The diagnosis of eye problems is largely dependent on the symptoms of the underlying problem. This article provides some information on the same that might prove beneficial.
The purpose of diagnosing an eye problem is to confirm the underlying problem. A preliminary diagnosis is mainly done on the basis of appearance of the eye and other related physical symptoms. Various tests are required to confirm the results of the preliminary diagnosis. The treatment can be initiated only when its cause is diagnosed.
Refraction is the test to diagnose focusing errors. Vision impairments such as nearsightedness, farsightedness, astigmatism, presbyopia, etc. can be diagnosed using this test. This test mainly determines the clarity of vision at 20 feet. For instance, a person with a vision 20/200 sees an object at 20 feet as clear as a person with a perfect vision of 20/20, sees at 200 feet. Snellen chart is a major tool used to determine the visual acuity of a person. This chart consists of illuminated rows of letters, arranged in a peculiar order. The chart needs to be read from a standard distance to confirm the type of focusing error. Automated refraction is done with a machine, which measures the response of an eye when a beam of light enters the eye.
Visual Field Testing
Visual field testing involves finding out the scope of vision of the person, including the peripheral vision. Visual scope of each eye is determined separately in this test. This testing may often be a part of routine eye testing. However, sometimes visual testing has to be done in detail, if a person experiences a peculiar vision field problem. For instance, if a person keeps on bumping on objects that are on one side, then this testing may be required to confirm the cause. Further, this can be done manually as well as using devices such as Amsler grid or Goldmann perimeter.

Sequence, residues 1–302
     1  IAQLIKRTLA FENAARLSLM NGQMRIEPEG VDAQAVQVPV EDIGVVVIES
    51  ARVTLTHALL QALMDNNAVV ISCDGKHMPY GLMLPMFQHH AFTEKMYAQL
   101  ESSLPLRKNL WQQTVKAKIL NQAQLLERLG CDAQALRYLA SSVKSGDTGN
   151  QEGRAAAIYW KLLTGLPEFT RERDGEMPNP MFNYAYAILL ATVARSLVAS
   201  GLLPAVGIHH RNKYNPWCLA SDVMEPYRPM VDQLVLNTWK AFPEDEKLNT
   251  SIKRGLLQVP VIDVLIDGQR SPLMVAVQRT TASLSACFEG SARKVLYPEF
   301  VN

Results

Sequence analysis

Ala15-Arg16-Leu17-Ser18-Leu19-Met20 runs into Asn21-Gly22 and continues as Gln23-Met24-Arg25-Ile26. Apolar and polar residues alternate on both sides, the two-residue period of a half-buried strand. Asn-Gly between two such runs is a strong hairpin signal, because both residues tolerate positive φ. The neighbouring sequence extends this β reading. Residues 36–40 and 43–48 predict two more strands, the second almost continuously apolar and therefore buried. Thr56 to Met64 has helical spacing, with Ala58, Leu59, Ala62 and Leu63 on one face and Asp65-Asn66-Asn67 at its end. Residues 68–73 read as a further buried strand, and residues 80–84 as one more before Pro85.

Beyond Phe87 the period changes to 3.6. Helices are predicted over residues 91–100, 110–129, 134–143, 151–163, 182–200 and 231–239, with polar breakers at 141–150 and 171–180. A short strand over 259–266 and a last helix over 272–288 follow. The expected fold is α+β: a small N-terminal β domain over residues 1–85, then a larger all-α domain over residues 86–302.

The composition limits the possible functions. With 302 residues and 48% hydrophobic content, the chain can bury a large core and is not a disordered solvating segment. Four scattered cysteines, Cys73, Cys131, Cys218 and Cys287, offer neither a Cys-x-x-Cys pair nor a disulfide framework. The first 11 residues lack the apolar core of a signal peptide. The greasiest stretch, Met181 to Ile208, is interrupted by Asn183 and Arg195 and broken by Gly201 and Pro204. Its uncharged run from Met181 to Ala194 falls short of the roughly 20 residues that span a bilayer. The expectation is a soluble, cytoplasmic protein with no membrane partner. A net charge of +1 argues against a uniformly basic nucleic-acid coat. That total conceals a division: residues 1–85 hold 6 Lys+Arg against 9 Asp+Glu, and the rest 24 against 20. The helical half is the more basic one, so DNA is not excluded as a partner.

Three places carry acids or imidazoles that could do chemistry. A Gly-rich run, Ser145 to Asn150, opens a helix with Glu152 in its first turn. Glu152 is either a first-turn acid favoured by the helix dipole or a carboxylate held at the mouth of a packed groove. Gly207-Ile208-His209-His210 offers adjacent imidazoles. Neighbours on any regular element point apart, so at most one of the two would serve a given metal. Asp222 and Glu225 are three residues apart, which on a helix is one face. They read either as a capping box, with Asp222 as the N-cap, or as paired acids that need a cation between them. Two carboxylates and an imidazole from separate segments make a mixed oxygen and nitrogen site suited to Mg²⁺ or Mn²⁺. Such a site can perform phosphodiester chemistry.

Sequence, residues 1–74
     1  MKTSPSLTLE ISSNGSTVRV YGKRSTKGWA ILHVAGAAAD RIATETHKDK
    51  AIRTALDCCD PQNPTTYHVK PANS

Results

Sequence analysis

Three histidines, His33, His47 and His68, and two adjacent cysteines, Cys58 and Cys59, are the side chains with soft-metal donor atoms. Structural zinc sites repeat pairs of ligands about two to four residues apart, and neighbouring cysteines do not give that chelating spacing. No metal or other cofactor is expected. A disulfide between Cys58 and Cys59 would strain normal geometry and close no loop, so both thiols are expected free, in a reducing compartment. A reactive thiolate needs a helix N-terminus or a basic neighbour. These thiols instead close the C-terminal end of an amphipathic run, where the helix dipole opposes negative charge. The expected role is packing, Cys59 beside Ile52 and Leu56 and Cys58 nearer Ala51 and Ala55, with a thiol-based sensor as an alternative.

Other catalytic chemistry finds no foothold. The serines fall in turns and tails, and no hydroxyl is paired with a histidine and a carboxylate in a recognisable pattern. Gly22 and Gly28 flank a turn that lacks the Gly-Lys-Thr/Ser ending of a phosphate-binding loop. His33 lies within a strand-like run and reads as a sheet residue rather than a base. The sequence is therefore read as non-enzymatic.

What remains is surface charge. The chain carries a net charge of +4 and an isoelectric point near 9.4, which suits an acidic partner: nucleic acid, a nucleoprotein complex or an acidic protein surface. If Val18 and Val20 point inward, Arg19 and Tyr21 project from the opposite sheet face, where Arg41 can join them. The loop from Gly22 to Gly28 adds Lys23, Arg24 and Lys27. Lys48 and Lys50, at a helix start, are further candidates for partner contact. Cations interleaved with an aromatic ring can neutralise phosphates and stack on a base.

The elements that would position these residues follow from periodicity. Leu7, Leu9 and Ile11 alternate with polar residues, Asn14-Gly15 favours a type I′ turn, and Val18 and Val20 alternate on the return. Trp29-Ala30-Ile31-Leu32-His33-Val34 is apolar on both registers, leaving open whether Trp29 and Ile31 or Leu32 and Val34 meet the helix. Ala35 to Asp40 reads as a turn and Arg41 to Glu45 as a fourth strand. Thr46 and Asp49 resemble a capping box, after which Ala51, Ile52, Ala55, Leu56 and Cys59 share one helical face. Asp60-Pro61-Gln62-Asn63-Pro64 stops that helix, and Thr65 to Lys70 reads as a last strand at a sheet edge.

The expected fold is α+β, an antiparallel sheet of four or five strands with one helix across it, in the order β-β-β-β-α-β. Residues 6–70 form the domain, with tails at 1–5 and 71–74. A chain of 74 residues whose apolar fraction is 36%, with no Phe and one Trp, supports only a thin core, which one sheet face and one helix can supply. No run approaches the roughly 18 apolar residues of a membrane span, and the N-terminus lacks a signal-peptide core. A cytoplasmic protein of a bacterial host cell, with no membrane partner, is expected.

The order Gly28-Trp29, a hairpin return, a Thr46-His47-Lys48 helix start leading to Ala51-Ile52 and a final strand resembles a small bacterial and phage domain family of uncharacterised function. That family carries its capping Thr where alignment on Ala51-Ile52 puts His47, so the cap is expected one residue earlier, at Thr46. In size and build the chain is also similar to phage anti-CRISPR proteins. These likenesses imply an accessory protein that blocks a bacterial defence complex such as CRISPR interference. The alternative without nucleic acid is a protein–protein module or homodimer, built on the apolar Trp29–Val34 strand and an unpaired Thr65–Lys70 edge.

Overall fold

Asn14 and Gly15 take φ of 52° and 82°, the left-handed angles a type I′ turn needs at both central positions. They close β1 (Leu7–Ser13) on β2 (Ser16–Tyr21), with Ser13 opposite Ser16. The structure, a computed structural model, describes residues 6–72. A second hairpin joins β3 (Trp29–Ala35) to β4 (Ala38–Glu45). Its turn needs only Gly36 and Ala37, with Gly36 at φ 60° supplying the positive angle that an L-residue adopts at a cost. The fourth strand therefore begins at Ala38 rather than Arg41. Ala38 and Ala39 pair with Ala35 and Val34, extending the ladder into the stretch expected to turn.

Ophthalmoscope is a hand-held device which resembles a small flashlight with magnifying lenses. A beam of light is shone directly in the eye of the person, so that the ophthalmologist can study the various components such as cornea, lens, vitreous humor, retina, optic nerve, and the retinal veins and arteries. Often eye drops are used to dilate the pupils, so as to get a better view of the eye. A person may experience a few side effects of the eye drops such as blurring of vision and increased sensitivity to light, for a few hours. Furthermore, ophthalmoscopy is often a part of routine physical examination.
This test is performed to examine the functionality of photoreceptors, which are the light sensing cells in the eye. A recording electrode which is in the form of a contact lens is placed on the dilated cornea. The other electrode is located somewhere on the face, preferably cheeks. The room is darkened and the flashes of light are frequently shone in the eye. The response of eye, in terms of electrical activity is recorded by the electrodes. This method is most effective in the diagnosis of diseases such as retinitis pigmentosa.
Computed Tomography and Magnetic Resonance Imaging
These tests provide the detailed computerized images of the internal structure of the eye. They are effective in locating any foreign objects in the eye. They are also useful for studying the bony structures around the eye.
An accurate diagnosis is important for an effective treatment. Often, these problems are not of serious consequence, but it is always wiser to get yourself routinely examined, in order to detect and correct such problems on time and also to rule out the possibility of further complications.
Disclaimer: This HealthHearty article is for informative purposes only, and should not be used as a replacement for expert medical advice.